The Lagos branch of the Nigerian Bar Association (NBA) in collaboration with the Commercial Legal Department of MTN Nigeria organised a masterclass for lawyers on best corporate legal practices. This is part of the Lagos Branch’s efforts at deepening industry knowledge through its Continuing Legal Education and Mentorship Committee.

The event, which featured a cross-section of senior as well as young counsel, took place at MTN Nigeria’s corporate headquarters in Ikoyi and saw counsel share best in-house practices, debate, learn and network. 

Weaving a variety of in-house case studies with her extensive experience as one of the country’s foremost corporate lawyers, Ifeoma Utah who is the General Manager, Commercial Legal MTN Nigeria, spoke on the increasing influence of the corporate counsel, and highlighted the key strands of being a great corporate lawyer. 

Here are five key learnings from her keynote presentation. 
In-house teams are essential 

For Utah, in-house teams have never been more important and she had a lot to say about this. 

“There is more to being a lawyer than just drafting documents and going to court. You have to be a coach, a financial expert, a business analyst and a star negotiator, among others,” she said.

She added that it was imperative that corporate counsel expands their knowledge beyond just law.

“An in-house counsel is a bit of a generalist; you must know a bit of everything because the company that you serve will require you to give advice on a range of issues.

“You must be knowledgeable about the industry, about your company’s products and services, about the culture and the customs of geographic regions where your company operates.”
Risk management

A good in-house counsel must build capacity for risk management. In explaining the MTN approach to this limb, Utah put it this way, “MTN Nigeria runs a risk-based legal services approach. Our belief is that we do not wait for the shoe to drop before we move in. We make sure the shoe does not drop.”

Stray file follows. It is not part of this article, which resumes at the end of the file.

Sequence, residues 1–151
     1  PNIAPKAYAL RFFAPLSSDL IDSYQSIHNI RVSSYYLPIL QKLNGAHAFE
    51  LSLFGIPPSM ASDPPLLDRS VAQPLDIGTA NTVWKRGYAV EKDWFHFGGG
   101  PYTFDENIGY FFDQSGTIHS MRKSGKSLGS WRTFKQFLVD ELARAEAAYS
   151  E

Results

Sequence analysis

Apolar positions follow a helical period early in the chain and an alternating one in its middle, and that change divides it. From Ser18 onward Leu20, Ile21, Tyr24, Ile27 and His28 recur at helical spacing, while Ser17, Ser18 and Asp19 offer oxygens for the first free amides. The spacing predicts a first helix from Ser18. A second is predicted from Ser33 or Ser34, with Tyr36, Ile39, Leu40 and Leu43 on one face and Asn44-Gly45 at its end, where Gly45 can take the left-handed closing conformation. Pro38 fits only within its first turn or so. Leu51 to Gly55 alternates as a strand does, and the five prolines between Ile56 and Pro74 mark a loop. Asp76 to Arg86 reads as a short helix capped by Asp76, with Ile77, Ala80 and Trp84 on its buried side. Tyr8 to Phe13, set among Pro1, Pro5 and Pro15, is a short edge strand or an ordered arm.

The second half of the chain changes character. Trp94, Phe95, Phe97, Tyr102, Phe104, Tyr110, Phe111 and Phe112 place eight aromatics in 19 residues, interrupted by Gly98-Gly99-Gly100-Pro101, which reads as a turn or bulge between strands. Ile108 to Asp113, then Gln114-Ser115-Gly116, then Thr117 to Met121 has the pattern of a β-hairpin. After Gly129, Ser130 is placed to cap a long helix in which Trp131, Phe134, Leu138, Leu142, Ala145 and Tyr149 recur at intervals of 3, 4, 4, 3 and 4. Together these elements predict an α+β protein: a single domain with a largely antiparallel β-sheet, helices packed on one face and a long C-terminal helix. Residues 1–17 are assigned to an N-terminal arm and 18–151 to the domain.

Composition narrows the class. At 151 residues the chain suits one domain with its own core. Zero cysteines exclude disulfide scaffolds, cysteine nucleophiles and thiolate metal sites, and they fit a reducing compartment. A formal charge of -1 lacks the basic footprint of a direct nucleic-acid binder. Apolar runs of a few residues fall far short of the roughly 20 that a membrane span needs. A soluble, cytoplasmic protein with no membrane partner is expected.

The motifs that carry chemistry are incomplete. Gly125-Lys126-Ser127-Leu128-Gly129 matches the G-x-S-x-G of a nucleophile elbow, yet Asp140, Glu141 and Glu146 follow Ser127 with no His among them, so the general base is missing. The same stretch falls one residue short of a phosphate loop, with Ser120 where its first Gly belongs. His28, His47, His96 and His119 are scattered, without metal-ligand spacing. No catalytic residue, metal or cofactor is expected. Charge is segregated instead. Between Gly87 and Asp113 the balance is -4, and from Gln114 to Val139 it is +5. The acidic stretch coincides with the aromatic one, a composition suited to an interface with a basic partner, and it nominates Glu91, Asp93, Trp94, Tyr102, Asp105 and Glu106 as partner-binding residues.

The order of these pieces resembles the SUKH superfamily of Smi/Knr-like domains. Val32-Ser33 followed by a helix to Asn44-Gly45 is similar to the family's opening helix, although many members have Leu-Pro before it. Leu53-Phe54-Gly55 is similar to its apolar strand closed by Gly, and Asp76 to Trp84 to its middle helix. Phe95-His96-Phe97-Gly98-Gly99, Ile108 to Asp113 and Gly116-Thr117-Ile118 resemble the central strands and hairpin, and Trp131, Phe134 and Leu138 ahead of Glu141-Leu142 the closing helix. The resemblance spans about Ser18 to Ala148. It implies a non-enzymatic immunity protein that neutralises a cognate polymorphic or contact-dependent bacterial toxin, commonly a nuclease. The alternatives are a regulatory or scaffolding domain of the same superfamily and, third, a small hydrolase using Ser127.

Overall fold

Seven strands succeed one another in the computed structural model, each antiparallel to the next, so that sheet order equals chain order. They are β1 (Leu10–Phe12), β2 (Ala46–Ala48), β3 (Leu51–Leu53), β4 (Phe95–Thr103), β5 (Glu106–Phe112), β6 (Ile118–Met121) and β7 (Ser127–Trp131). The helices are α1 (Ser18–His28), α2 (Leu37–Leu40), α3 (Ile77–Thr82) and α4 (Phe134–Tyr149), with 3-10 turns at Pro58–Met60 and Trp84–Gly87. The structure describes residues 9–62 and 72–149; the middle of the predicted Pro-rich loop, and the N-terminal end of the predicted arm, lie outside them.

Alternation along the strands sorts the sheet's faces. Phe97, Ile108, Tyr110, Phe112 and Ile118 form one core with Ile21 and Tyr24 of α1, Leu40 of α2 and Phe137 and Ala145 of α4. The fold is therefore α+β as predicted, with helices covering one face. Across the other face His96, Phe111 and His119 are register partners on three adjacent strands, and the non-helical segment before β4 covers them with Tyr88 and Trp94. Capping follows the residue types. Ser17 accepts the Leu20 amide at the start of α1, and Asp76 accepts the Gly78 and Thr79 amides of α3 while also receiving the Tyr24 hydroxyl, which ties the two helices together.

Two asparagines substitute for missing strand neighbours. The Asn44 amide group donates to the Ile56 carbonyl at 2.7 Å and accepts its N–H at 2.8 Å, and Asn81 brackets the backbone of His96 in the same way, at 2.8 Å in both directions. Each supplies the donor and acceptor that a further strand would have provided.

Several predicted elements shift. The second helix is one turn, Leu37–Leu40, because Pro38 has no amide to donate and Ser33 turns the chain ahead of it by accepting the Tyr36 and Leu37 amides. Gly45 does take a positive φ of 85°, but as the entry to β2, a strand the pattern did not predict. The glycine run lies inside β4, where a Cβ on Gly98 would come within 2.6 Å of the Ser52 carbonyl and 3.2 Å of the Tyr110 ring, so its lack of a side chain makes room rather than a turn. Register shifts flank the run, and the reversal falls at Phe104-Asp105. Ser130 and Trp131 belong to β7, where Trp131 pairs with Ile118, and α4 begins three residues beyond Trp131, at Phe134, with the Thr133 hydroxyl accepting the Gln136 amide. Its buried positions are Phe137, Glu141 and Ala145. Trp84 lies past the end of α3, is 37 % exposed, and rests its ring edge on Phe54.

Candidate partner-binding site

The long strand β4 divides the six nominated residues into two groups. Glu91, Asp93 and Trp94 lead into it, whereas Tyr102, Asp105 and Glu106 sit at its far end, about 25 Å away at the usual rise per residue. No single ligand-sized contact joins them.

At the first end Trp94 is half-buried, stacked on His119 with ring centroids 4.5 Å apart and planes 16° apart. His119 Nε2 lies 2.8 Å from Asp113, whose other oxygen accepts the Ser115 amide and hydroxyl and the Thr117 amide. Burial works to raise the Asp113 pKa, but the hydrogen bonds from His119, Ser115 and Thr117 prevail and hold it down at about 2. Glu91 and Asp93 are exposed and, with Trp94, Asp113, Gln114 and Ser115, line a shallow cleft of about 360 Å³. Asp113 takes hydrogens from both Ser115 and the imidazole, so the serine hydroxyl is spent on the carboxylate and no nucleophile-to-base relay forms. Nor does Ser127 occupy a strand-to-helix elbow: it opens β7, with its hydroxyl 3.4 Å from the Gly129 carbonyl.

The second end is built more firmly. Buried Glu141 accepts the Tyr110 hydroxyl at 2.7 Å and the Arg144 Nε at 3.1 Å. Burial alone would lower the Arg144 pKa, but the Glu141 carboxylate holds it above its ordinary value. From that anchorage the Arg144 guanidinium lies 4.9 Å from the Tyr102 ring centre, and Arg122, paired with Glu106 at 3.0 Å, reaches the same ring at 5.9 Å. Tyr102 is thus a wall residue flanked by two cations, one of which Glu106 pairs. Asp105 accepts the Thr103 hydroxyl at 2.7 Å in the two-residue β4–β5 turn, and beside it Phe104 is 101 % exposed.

How does the corporate counsel ensure the shoe remains steady and running? Ms Utah puts it rather bluntly,

“Plan, plan, plan for every contingency. Have a Plan A, B, C and D, just in case. Envisage every possibility. It is hard work but the watchword of a smart lawyer is to plan.”
Crisis management 

Utah was emphatic about the critical role in-house counsel play in ensuring that their companies integrate legal advice in their decision-making process.

“Crisis Management is indispensable to big business. Research shows that 59% of businesses have experienced a crisis, but only 54% of businesses have a plan in place to deal with them. 

“Responsible companies do not relegate their lawyers to the background. They bring them to the table. We are not an afterthought,” she added.

Approach to litigation 

It might be a fine art but good in-house teams have a keen eye of matching the right case to the right external law firm. Utah puts it this way: “There are big cases that don’t require a SAN to handle while there might be a N1 million case that we retain a SAN. It’s all about the long term implications.”

In addition, not every dispute has to end in litigation. She told a funny story of a self-professed female fan who in writing a N20 million-demand letter to the in-house team in 2017, said she had been praying for MTN Nigeria since the company commenced operations in 2001 and “now that they [MTN] were successful, the company had abandoned her.” 

The team, after conferring with other departments within the company brought the woman and her lawyer in, had a chat and gave her some branded gifts. She withdrew the demand.

Emotional intelligence

She spent some time speaking about how the corporate counsel should have the right balance with IQ as exemplified by intelligence and the appropriate qualifications and EQ as defined by an emotive, considerate approach to achieving corporate objectives.

In her summation, “Emotional Intelligence is critical to success as a lawyer.  You need to understand the vicissitudes of the people you’re negotiating with. It will help with knowing how to press people’s ‘mumu’ button.”

She added that in her experience, emotional intelligence is the key differentiator between two highly qualified people. This is how she summarised it.

“When you have the technical competence pats down, it will be your soft skills that will distinguish you. Always strive to know how to connect with people.”